“A great French Scholar of the last century said to his class at College de France after Sedan and the triumphant occupation of Paris by the German army: Gentlemen, as we meet here today we are in a free country, the republic of letters, a country which has no national boundaries, where there is neither Frenchman or German, which knows no prejudice nor intolerance, where one thing alone is valued, truth in all her manifold aspects.”
How noble and how tranquilizing. The eternal perspectives open out, clear and calm. Intolerance, hatred – how false they look and how petty.
“Beyond the last peaks and all seas of the world” stands the serene republic of what Plato calls “the fair and immortal children of the mind.”
This is great stuff! Those politicians really had it together during the Golden Age of Greece. On the plane ride back from Athens I cracked (in e-book form) Plutarch’s Pericles. Plutarch describes the rough and tumble of the world’s first democracy and it’s not pretty. Pericles was an aristocrat who curried favor from the masses and pushed to get his political rival ostracized (which meant a ten year banishment when life expectancy was less than forty). He then pivoted back to the aristocracy and, declaring the Persian threat ended, took from the Greek alliance treasury to rebuild the Acropolis. He got Athens on board with that rebuilding and then, when Greece was dominant and Athens and Sparta were unquestionably the world’s greatest powers, initiated a disastrous thirty year war with Sparta that wound up laying all Greece prostrate. If not for Alexander the Great, his conquests, and his admiration for Athens, many of the achievements would have been lost. The Golden Age of Athens, no matter how bright, was a blip in the historical records. Any thought of quiet serene Athens under Pericles should be set aside. But what the Greeks did in the midst of their political noise was give us something precious: eternal perspectives.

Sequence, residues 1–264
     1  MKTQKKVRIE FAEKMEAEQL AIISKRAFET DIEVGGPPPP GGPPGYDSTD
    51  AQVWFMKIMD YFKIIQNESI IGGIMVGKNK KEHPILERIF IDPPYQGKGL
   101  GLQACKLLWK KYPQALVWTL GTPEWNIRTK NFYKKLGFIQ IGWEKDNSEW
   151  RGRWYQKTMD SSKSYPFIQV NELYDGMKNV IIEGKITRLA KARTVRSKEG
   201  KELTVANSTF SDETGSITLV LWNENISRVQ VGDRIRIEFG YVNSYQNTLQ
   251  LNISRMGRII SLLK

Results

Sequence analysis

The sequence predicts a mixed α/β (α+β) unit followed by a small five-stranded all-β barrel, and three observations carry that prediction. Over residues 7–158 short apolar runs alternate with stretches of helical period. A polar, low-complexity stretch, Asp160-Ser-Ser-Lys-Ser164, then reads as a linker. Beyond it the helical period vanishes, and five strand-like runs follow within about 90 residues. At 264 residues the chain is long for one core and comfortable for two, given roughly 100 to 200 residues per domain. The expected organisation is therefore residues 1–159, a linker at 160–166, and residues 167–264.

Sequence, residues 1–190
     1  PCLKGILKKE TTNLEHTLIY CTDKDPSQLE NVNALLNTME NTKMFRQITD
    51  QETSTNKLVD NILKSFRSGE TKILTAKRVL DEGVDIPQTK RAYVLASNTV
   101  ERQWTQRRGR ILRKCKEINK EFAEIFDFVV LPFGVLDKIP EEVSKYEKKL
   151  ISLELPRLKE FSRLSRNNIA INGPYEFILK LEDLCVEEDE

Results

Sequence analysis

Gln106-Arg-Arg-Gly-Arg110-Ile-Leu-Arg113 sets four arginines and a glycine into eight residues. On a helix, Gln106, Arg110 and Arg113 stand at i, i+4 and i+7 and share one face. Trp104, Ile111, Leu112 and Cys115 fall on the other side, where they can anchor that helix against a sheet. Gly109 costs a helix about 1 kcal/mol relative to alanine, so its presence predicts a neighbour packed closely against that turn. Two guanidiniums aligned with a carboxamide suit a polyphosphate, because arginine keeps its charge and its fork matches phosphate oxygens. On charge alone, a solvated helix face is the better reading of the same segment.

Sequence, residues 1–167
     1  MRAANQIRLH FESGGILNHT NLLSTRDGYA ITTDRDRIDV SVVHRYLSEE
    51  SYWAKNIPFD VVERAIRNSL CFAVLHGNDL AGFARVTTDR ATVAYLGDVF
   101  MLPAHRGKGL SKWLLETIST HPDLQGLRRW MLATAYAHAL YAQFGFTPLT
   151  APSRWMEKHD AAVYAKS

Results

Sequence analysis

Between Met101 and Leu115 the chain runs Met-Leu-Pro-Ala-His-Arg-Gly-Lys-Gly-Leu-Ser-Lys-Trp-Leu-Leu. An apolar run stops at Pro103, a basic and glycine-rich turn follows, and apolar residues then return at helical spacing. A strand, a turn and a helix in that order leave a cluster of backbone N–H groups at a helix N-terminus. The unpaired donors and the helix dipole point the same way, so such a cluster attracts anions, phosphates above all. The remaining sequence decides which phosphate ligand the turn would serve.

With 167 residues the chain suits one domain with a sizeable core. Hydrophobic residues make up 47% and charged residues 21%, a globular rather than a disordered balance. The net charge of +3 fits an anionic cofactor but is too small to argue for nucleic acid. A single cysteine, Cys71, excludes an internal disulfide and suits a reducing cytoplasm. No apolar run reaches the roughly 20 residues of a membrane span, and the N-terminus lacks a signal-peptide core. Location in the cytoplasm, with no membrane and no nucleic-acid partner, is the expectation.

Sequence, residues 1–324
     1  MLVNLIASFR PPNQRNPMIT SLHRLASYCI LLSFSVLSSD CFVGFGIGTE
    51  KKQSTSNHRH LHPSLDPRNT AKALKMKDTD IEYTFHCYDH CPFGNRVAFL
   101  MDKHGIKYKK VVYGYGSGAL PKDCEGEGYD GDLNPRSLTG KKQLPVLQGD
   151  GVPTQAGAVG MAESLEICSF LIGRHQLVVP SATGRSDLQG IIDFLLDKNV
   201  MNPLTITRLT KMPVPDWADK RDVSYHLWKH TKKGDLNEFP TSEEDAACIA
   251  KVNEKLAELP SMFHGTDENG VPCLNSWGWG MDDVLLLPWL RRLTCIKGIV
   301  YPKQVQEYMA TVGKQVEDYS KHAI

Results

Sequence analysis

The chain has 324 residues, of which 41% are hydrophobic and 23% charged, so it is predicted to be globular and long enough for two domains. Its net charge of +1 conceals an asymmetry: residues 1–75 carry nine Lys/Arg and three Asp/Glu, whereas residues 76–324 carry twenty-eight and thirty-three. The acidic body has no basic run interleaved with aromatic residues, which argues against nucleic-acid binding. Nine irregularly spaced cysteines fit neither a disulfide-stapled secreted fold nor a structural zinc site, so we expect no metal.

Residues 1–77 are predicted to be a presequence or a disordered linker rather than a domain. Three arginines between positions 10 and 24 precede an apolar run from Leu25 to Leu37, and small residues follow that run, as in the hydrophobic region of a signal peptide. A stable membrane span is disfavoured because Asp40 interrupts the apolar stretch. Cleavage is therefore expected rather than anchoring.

The Greeks believed in pure forms. They believed there were essential unchanging ideas and ideals that humankind should strive to realize. Those ideas are what inspired Edith Hamilton.
We have many silent sanctuaries in which we can find a breathing space to free ourselves from the personal, to rise above our harassed and perplexed minds and catch sight of values that are stable, which no selfish and timorous preoccupations can make waver, because they are the hard-won and permanent possession of humanity.
It are these possessions that are most important—values that are stable, principles that stand the test of time.
Now that is solid ground to stand on! Stable values and principles that stand the test of time are the Holy Grail of civilization. When in Athens there was a magazine that talked of the ancient Greeks view of ‘noise’ and graded minds in accordance with their occupation: little minds concern themselves discussing people, mediocre minds concern themselves discussing events, and great minds concern themselves discussing ideas. Let us aspire to be great.
I’m going to close this Greece-inspired blog by mentioning what American philosopher Mortimer Adler called the six great ideas. Ideas that stood and will stand the test of time. There are three ideas we judge by: Truth, Goodness, and Beauty. And there are three ideas we act on: Liberty, Equality, and Justice.
Perhaps these six ideas can provide silent sanctuary as well as inform during this noisy political season.